Lava also flows from vents and fissures around the flanks of a volcano. As a fissure eruption progresses, the outflow tends to become localized to one or a few spots along the fissure. These spots tend to build up small cones, often referred to as parasitic cones. These parasitic cones are generally of one of two types: spatter or tuff cones.
Through magma flows from vents, some dissolved gases are released, forming many blobs of lava "coughed out" of a vent all at once. These lava blobs are called spatter. Spatter piles up and forms ramparts which stand like walls next to eruptive fissures. A towering lava fountain along a fissure may build a spatter cone a few meters high while a very small spatter cone is called a hornito. Good examples of spatter cones occur on Isla Bartolomé, adjacent to the large island of Santiago, Galapagos Islands.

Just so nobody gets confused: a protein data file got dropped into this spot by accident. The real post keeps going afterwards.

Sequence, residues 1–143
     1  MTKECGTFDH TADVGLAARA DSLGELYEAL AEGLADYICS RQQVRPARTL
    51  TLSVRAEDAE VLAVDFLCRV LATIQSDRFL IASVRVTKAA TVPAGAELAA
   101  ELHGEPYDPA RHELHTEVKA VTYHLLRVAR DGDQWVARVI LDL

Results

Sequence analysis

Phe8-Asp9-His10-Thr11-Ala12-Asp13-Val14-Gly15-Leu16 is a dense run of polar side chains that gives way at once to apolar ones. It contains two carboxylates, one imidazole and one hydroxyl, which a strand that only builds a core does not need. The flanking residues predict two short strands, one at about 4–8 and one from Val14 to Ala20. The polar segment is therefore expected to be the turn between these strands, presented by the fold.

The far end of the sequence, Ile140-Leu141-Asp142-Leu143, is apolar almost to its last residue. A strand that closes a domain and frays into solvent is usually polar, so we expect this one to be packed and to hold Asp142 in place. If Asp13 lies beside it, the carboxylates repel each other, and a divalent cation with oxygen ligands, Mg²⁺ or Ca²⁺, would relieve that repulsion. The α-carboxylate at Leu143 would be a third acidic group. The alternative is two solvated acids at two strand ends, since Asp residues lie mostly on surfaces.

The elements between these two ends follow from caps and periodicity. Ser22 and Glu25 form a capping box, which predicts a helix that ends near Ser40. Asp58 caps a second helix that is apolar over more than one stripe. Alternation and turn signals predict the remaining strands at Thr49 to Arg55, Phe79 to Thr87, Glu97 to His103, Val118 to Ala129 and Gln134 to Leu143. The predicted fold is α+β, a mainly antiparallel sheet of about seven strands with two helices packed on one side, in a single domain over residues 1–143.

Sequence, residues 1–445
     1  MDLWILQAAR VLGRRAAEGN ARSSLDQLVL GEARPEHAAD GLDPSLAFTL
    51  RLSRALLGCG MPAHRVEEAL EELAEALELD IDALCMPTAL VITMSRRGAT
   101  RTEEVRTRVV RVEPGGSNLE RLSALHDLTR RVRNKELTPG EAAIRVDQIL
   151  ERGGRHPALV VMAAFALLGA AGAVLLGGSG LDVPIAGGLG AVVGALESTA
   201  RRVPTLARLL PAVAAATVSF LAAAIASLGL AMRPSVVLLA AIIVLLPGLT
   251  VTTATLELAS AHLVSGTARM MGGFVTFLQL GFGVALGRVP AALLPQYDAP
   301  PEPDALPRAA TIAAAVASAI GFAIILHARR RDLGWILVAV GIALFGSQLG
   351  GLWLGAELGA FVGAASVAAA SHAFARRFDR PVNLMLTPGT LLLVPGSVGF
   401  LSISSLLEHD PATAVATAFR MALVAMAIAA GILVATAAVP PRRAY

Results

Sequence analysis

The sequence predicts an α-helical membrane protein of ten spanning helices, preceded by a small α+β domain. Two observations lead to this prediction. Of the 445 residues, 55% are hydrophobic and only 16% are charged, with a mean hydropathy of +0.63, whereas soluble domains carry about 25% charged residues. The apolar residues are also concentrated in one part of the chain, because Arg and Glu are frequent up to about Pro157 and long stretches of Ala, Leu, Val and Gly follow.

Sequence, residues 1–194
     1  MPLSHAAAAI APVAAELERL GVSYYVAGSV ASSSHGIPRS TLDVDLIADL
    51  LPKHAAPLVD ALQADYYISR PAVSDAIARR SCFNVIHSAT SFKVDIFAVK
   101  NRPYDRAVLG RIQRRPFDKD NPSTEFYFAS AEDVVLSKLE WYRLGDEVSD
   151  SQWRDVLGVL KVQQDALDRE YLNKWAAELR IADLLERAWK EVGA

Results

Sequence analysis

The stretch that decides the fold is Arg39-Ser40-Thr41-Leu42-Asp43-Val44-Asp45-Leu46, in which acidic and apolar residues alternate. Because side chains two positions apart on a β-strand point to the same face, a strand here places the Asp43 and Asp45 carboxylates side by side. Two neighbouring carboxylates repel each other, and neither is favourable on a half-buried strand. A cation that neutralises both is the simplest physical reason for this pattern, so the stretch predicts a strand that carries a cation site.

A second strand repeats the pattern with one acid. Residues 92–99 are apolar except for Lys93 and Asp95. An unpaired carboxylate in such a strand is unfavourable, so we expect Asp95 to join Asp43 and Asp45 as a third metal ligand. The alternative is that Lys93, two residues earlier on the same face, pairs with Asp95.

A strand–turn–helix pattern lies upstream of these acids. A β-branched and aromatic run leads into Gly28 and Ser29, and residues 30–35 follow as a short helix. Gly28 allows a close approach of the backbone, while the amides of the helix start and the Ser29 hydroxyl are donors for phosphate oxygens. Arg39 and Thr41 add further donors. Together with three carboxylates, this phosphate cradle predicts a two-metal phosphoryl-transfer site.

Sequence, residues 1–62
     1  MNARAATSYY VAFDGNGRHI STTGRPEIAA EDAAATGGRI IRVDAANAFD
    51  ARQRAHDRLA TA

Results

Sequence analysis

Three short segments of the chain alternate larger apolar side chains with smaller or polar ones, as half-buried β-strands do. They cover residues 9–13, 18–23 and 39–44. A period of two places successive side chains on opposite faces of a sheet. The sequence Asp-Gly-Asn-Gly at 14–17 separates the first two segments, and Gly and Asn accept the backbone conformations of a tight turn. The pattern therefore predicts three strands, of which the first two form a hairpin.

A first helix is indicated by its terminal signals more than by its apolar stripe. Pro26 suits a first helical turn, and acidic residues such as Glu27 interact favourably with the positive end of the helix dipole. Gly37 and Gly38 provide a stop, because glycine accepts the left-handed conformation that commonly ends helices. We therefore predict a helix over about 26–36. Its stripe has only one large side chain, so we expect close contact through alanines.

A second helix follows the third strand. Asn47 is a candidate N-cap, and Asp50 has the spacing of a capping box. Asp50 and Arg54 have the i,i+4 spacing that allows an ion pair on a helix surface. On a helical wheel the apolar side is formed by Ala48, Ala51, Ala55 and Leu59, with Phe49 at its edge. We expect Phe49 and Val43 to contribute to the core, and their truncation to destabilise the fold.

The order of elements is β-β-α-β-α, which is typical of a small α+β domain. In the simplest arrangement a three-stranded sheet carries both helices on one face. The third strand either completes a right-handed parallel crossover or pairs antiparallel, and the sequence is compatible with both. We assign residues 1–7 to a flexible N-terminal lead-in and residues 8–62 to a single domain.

A tuff (or ash) cone is formed by explosive (and therefore potentially hazardous) phreatomagmatic eruptions (the interaction of basaltic magma and water). Tuff cones thus tend to be found near the water's edge or just offshore. Tuff is composed of extremely fine-grained cemented volcanic ash. Tuff cone explosions have a tendency to be shallow and closely spaced; therefore all material is projected sideways, instead of directly upward. The explosion carries solidifed magma droplets that have been fractured into tiny fragments. These fall back around the vent to form tuff. This tuff is often later chemically modified to a yellowish alteration clay mineral called palagonite. Tuff cones typically have steep flanks (>25 degrees) and crater floors above ground level. The resulting cones are often between 100 m to 300 m high and 1 to 1.5 km across. Tuff cones have deep, broad craters (narrower and steeper than those of tuff rings).